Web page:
Full article: GLAM: Glycogen-derived Lactate Absorption Map for visual analysis of dense and sparse surface reconstructions of rodent brain structures on desktop systems and virtual environments

3D synthesis of man-made objects based on fine-grained parts

Publication date: Available online 22 May 2018
Source:Computers & Graphics
Author(s): Diego Gonzalez, Oliver van Kaick
We present a novel approach for 3D shape synthesis from a collection of existing models. The main idea of our approach is to synthesize shapes by recombining fine-grained parts extracted from the existing models based purely on the objects’ geometry. Thus, unlike most previous works, a key advantage of our method is that it does not require a semantic segmentation, nor part correspondences between the shapes of the input set. Our method uses a template shape to guide the synthesis. After extracting a set of fine-grained segments from the input dataset, we compute the similarity among the segments in the collection and segments of the template using shape descriptors. Next, we use the similarity estimates to select, from the set of fine-grained segments, compatible replacements for each part of the template. By sampling different segments for each part of the template, and by using different templates, our method can synthesize many distinct shapes that have a variety of local fine details. Additionally, we maintain the plausibility of the objects by preserving the general structure of the template. We show with several experiments performed on different datasets that our algorithm can be used for synthesizing a wide variety of man-made objects.

Full article: 3D synthesis of man-made objects based on fine-grained parts

Texturing and inpainting a complete tubular 3D object reconstructed from partial views

Publication date: Available online 22 May 2018
Source:Computers & Graphics
Author(s): Julien Fayer, Bastien Durix, Simone Gasparini, Géraldine Morin
We present a novel approach to texture 3D tubular objects reconstructed from partial views. Starting from few images of the object, we rely on a 3D reconstruction approach that provides a representation of the object based on a composition of several parametric surfaces, more specifically canal surfaces. Such representation enables a complete reconstruction of the object even for the parts that are hidden or not visible by the input image. The proposed texturing method maps the input images on the parametric surface of the object and complete parts of the surface not visible in any image through an inpainting process. In particular, we first propose a method to select, for each 3D canal surface, the most suitable images and fuse them together for texturing the surface. This process is regulated by a confidence criterion that selects images based on their position and orientation w.r.t. the surface. We also introduce a global method to fuse the images taking into account their exposure difference. Finally, we propose some methods to complete or inpaint the texture in the hidden parts of the surface according to the type of the texture.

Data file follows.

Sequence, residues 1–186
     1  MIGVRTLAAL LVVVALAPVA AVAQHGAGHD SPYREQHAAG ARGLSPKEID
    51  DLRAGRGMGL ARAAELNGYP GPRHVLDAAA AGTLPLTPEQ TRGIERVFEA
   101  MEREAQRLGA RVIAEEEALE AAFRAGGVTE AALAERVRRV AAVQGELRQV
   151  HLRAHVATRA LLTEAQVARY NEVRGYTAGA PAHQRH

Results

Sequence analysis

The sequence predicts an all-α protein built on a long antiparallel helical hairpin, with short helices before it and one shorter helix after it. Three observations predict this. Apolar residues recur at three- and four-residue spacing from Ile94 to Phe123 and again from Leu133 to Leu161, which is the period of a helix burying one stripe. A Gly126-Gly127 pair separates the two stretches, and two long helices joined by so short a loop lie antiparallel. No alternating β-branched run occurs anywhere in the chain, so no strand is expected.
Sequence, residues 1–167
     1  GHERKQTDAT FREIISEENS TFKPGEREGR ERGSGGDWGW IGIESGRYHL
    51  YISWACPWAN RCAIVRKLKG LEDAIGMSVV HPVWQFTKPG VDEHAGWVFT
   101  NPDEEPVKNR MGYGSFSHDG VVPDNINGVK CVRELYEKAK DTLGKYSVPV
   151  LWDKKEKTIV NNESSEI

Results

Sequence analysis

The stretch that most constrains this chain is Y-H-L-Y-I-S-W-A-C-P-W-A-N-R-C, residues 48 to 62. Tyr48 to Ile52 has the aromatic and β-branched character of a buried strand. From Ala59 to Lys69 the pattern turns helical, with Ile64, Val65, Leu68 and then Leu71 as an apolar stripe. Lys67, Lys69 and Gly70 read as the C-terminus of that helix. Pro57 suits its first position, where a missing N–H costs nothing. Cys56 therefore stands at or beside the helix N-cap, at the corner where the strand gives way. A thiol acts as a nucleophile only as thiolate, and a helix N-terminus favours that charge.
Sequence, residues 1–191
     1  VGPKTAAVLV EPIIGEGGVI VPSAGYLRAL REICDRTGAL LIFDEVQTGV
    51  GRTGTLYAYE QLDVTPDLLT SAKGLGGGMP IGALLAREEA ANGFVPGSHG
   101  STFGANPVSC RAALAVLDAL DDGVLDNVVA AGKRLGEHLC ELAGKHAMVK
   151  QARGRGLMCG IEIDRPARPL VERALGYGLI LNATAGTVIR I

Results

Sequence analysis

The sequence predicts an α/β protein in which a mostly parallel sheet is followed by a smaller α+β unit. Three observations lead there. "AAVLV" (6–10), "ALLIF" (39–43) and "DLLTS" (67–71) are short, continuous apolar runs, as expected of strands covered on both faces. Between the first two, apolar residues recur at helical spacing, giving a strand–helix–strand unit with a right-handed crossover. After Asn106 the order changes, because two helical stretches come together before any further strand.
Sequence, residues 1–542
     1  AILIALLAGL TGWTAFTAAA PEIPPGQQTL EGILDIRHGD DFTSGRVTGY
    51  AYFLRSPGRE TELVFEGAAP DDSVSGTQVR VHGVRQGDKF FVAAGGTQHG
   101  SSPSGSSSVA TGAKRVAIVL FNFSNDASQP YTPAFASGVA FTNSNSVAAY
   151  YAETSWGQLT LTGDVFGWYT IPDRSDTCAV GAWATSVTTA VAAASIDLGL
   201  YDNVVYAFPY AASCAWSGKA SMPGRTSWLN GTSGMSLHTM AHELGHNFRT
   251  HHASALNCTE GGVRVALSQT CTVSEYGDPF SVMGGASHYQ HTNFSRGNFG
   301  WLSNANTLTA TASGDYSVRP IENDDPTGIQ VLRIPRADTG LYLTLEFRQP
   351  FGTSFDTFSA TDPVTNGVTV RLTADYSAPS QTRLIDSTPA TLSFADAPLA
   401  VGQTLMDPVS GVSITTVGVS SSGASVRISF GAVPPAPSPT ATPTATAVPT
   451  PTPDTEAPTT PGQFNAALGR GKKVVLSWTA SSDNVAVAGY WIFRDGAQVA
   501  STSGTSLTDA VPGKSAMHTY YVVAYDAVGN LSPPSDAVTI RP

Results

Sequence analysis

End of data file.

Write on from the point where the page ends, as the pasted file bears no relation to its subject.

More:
Full article: Texturing and inpainting a complete tubular 3D object reconstructed from partial views

Real-time field aligned stripe patterns

Publication date: Available online 22 May 2018
Source:Computers & Graphics
Author(s): Nils Lichtenberg, Noeska Smit, Christian Hansen, Kai Lawonn
In this paper, we present a parameterization technique that can be applied to surface meshes in real-time without time-consuming preprocessing steps. The parameterization is suitable for the display of (un-)oriented patterns and texture patches, and to sample a surface in a periodic fashion. The method is inspired by existing work that solves a global optimization problem to generate a continuous stripe pattern on the surface, from which texture coordinates can be derived. We propose a local optimization approach that is suitable for parallel execution on the GPU, which drastically reduces computation time. With this, we achieve on-the-fly texturing of 3D, medium-sized (up to 70 k vertices) surface meshes. The algorithm takes a tangent vector field as input and aligns the texture coordinates to it. Our technique achieves real-time parameterization of the surface meshes by employing a parallelizable local search algorithm that converges to a local minimum in a few iterations. The calculation in real-time allows for live parameter updates and determination of varying texture coordinates. Furthermore, the method can handle non-manifold meshes. The technique is useful in various applications, e.g., biomedical visualization and flow visualization. We highlight our method’s potential by providing usage scenarios for several applications.

Full article: Real-time field aligned stripe patterns